Heir of the tiger, but will Uddhav Thackeray roar?
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Heir of the tiger, but will Uddhav Thackeray roar?

Shiv Sena, under the leadership of Uddhav Thackeray, has evolved and is depending on the new chief to bring it to victory in the Lok Sabha and assembly polls.

india Updated: Mar 12, 2014 14:13 IST
Sayli Udas Mankikar
Sayli Udas Mankikar
Hindustan Times

The 2014 Lok Sabha elections will be the first polls for the Shiv Sena after the death of the party patriarch, Bal Thackeray, in 2012. And this time around the focus is on his son and political heir — 53-year-old Uddhav, who is leading the party from the front.

All eyes are now on the new Sena chief to see how he bails out the party from the current political situation.

Estranged cousin and chief of the Maharashtra Navnirman Sena (MNS) Raj Thackeray has put Uddhav in a tight spot after declaring support to Narendra Modi, while fielding candidates against the Shiv Sena.

Read: How Raj Thackeray foxed Shiv Sena, BJP in one stroke
Read: Raj Thackeray’s local politics and BJP’s national ambitions

But the usually calm and composed Uddhav has proved his adversaries wrong yet again. He has showed that he is not naïve or clueless when it comes to politics, by seeking answers from ally Bharatiya Janata Party (BJP) and clearly saying that he won’t hesitate to go solo.

On ground zero, however, the reality is that the MNS will divide the Marathi votes.

Not possessing the fiery and charismatic oratory skills of his cousin, Uddhav will have to find a way to keep the vote bank intact.

Under his guidance, the Sena has won the Mumbai civic body twice — in 2007 and 2012. However in 2009, with MNS cutting into its votes, the Sena failed to put up an impressive show with just 11 Lok Sabha seats and 45 assembly seats.

In fact, four of its sitting MPs have rebelled, raising questions over the Sena leadership.

The Shiv Sena has, in the past few years, shifted from its traditional image of being a party of rowdy and violent men fighting for regional issues related to the sons of the soil.

Bal Thackeray’s pet issues such as j obs for the Marathi manoos are no longer talked about.

Today, issues such as unemployment, job security, price rise are on the Sena’s 2014 poll agenda. While Hindutva is still an important issue, it is mentioned in the passing to ensure that the Hindu vote is secured.


With the aim of appealing to the youth, Uddhav’s 23-year-old son Aaditya has been appointed as the chief of the Yuva Sena.

Over the past few years, Uddhav has been gradually building his own team of confidants who can efficiently run the Sena. Old guards whom he does not trust or who no longer have any appeal have been edged out—former CM Manohar Joshi being the latest.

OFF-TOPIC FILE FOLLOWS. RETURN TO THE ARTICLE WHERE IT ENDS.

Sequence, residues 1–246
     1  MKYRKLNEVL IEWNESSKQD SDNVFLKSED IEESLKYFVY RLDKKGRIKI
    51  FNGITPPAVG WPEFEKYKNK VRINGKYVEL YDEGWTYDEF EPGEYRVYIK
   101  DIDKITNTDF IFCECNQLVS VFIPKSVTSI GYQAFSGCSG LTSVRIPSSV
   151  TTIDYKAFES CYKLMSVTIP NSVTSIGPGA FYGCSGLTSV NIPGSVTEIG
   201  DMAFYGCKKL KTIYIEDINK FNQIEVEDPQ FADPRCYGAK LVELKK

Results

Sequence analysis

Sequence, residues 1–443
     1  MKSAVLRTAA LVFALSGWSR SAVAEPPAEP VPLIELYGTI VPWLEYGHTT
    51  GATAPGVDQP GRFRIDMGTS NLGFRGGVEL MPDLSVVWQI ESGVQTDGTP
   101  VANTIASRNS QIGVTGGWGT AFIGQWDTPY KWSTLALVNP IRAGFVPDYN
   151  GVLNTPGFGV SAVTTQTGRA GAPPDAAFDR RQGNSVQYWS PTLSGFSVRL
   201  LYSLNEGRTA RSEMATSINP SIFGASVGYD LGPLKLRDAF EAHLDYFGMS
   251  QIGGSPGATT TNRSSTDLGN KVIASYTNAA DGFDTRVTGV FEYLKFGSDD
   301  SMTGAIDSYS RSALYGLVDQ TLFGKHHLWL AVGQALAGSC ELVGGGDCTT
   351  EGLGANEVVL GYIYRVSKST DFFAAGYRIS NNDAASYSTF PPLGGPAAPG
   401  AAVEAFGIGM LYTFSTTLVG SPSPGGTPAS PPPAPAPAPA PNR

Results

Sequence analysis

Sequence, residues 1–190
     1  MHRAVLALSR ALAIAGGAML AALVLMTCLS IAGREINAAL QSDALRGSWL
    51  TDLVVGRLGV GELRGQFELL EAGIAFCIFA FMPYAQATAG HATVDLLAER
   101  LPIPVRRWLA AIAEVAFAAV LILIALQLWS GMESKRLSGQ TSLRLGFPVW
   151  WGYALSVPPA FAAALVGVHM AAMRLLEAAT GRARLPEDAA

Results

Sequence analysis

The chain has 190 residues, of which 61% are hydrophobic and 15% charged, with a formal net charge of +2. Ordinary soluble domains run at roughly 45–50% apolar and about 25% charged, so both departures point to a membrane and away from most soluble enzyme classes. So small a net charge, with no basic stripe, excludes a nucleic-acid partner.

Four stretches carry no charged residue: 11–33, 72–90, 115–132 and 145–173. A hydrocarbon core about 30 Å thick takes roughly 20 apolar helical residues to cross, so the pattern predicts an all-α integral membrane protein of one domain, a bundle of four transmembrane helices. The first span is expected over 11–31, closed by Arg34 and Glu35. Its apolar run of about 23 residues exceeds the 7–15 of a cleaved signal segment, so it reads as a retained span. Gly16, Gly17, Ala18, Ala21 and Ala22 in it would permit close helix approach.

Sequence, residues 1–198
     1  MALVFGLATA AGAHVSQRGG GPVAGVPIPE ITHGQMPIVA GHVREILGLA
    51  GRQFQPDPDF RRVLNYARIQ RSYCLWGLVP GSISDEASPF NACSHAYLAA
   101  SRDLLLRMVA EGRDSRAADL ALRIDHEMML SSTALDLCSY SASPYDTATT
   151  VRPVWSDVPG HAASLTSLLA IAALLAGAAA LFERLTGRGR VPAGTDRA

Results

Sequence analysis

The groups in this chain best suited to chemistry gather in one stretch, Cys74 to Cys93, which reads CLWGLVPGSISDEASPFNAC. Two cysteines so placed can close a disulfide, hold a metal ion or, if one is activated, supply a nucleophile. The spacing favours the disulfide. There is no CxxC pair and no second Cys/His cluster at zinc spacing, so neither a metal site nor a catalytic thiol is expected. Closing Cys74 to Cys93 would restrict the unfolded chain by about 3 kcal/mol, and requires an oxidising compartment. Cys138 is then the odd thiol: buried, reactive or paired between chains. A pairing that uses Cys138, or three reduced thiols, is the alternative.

He has also been promoting young faces — Rahul Shewale, who heads the civic standing committee, is the Sena’s candidate in south-central Mumbai, and advocate Rahul Narvekar, a member of the Yuva Sena, has been pitched for the Legislative Council elections.

“We started planning for the elections a long time ago. We divided the entire state into different zones. Every party worker and organisation has been allotted a zone for the next two months. We have our people spread out, especially in areas where the Congress and NCP have strong presence,” said Anil Desai, Sena MP.

One of the biggest strengths of the Sena has been its dedicated and loyal force. It also has a defined structure that begins with Uddhav as the Sena chief, followed by general secretaries, district heads, taluka heads, ward heads, and shakha (branch) heads.


Like his father, Uddhav believes in personal interactions with his men to get feedback from all over the state.

Even six months before the Lok Sabha elections, he had identified half of the candidates and asked them to prepare for the polls.

“Uddhav knows he does not have the charisma to draw the crowds. Hence, he has concentrated on strengthening the organisation, meeting people himself and touring the state. This will probably pay off in the elections,” said political observer Prakash Akolkar.

The Sena also has one of the strongest women forces, the Mahila Aghadi, a labour force governed by the Bhartiya Kamgar Sena and the Yuva Sena.

One of the biggest challenges for the Sena is dealing with the MNS. In the 2009 elections, the Raj-led party dented the Sena’s prospects, as it did not win any seats in Mumbai.

In 2014, the MNS is fighting the same seats against the Sena. And now with the BJP cosying up with his arch nemesis, Uddhav is treading carefully.

Though he wants to ride on the anti-Congress wave and be part of the Narendra Modi success story, if it takes place, Uddhav is weighing his options carefully before making the next move.

“To prove its mettle, the Sena will not only have to retain the 11 seats it won in 2009, but increase the tally to remain a significant partner of the NDA. Uddhav will also have to win the assembly elections later this year,” said political analyst Surendra Jondhale.


First Published: Mar 12, 2014 13:34 IST